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When I was dating my wife Debra, I was so excited about being with her. I was eager to talk with her, be with her, and go off on adventures with her. I am still delighted that she is my wife. But I sometimes worry my beautiful wife may think I am too contented with her. I am surely tiptoeing on danger if I take her for granted. Does my contentment give me an excuse for being lackadaisical about our relationship?

As Christians, are we excited to belong to Jesus? Or are we just contented to be church goers?

Of course, excitement is a feeling or an emotion. We know emotions come and go, often because of circumstances. Where do we turn when our excitement has drained away and we are left with the day-to-day patterns? A faith dependent upon emotions will bottom out when hard times eventually arrive.

Are we so contented with our relationship with Christ, that our faith is a ho-hum contentment marked by satisfaction but not joy? Is contented faith acceptable to the Lord?  We are warned by Jesus, “So, because you are lukewarm—neither hot nor cold—I am about to spit you out of my mouth.” (Rev 3:16)

While we may be bored, apathetic or lukewarm in our faith towards Christ, that is not how the Lord considers you. The LORD is not content for you to wander away in sin or indifference. The LORD seeks after us. (Luke 19:10) Consider how Christ came to call us sinners, not the righteous. (Mt 9:13)

Today we use the word “passion” to describe our emotional intensity. But in our faith, we use the phrase “the passion of the Christ” to communicate the depths to which God is willing to go to redeem us from sin and to convey the intense commitment of His love for us. Jesus tells us that the LORD rejoices over you and every other sinner who repents and is saved (Luke 15:7,10, Zeph 3:14-17, Isa 62:5). Holy Week, or Passion week, is all about Christ Your Savior who loves you so much he is willing to die for you.

Do you feel like you are in a love affair with God? Do you have a contented faith where you are satisfied with just knowing who Jesus is? Is your faith excited about a what or a who?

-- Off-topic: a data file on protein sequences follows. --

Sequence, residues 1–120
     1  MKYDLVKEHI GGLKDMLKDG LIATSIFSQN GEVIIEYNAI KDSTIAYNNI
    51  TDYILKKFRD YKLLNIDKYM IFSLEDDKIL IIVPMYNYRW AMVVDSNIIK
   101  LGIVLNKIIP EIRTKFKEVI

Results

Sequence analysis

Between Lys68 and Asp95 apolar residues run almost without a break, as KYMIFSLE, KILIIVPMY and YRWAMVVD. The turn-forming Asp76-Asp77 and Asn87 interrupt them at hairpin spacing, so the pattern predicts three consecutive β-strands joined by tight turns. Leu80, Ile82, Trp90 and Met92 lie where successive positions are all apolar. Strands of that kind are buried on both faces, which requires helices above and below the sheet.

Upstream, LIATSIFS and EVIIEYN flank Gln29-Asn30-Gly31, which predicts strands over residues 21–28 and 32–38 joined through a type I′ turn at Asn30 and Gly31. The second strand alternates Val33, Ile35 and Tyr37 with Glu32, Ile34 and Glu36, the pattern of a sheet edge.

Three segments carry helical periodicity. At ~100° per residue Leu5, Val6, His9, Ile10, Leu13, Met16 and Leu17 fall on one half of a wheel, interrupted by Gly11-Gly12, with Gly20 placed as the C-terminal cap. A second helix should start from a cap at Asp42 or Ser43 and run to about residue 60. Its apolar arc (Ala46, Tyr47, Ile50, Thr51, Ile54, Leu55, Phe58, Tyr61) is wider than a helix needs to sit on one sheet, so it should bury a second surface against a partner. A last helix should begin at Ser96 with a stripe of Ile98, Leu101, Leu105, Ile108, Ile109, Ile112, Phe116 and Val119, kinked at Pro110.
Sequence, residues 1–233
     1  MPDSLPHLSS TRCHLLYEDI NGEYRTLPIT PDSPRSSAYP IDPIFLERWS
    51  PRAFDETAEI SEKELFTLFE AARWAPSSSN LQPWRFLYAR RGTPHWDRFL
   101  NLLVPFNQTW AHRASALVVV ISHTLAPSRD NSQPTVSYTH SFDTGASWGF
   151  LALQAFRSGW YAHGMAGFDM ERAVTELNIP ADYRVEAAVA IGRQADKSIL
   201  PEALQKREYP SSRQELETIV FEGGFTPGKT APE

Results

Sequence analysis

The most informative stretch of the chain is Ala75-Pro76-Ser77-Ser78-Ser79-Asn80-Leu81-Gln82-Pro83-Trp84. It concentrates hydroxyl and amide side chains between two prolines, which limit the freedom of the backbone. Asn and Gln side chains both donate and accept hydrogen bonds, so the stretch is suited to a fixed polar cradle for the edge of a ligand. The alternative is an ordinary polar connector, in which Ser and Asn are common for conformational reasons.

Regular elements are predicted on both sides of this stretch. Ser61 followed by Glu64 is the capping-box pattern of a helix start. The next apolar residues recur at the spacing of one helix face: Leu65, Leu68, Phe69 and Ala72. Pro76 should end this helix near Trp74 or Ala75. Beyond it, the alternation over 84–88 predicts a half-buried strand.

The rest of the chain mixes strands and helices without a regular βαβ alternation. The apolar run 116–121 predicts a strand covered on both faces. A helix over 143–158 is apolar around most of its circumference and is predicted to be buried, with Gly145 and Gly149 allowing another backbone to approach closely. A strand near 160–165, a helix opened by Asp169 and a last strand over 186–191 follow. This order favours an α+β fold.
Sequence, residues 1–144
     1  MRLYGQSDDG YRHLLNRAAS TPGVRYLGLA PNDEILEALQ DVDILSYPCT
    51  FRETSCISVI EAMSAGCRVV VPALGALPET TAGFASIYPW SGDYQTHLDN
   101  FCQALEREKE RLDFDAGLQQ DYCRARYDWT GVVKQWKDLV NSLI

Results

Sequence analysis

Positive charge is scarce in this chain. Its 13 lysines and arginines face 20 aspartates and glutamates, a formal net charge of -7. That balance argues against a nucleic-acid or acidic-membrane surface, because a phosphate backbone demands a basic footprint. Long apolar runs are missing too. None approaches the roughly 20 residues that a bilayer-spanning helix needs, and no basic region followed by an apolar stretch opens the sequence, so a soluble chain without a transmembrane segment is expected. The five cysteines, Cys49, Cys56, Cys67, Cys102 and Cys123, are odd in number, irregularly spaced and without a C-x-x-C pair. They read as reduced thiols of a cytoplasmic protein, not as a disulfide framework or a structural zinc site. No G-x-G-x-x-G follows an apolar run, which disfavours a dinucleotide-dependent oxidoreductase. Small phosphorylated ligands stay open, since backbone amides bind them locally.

Rather than speak about emotional excitement, the Spirit-inspired scriptures speak of rejoicing and joy. Do we rejoice in the love Christ pours into us? “Though you have not seen him, you love him. Though you do not now see him, you believe in him and rejoice with joy that is inexpressible and filled with glory,” (1 Pe 1:8, cf 1 Th 1:6–7)  We are to have joy and rejoice with all our being in the LORD (Zech 10:7, Isa 61:10, Ps 70:4).

Is the Lutheran pattern for faith to be mildly contented and satisfied with minimal investment or contact with the LORD? No. Pastor Martin Luther was driven by a passion to exalt and praise God. Listen to his prayer:  “Dear Lord God, I want to preach so that you are glorified. I want to speak of you, praise you, praise your name. Although I probably cannot make it turn out well, won’t you make it turn out well?” The passion of Luther comes across on almost every page that you read from him.

As Christians we have the absolute assurance and presence of Christ to save His people from their sins. We can be contented that Christ’s work is complete (Christ Alone) and that through trust in Christ we are redeemed (Faith Alone). This faith is a gift of love from God, not our effort (Grace Alone). Such was Luther’s rejoicing that we stay focused on Christ.    

May the God who gives endurance and encouragement give you a spirit of unity with one another, in accordance with Christ Jesus, so that together you may with one voice glorify the God and Father of our Lord Jesus Christ. (Rom. 15:5-6)

Your servant in Christ, Pastor Douglas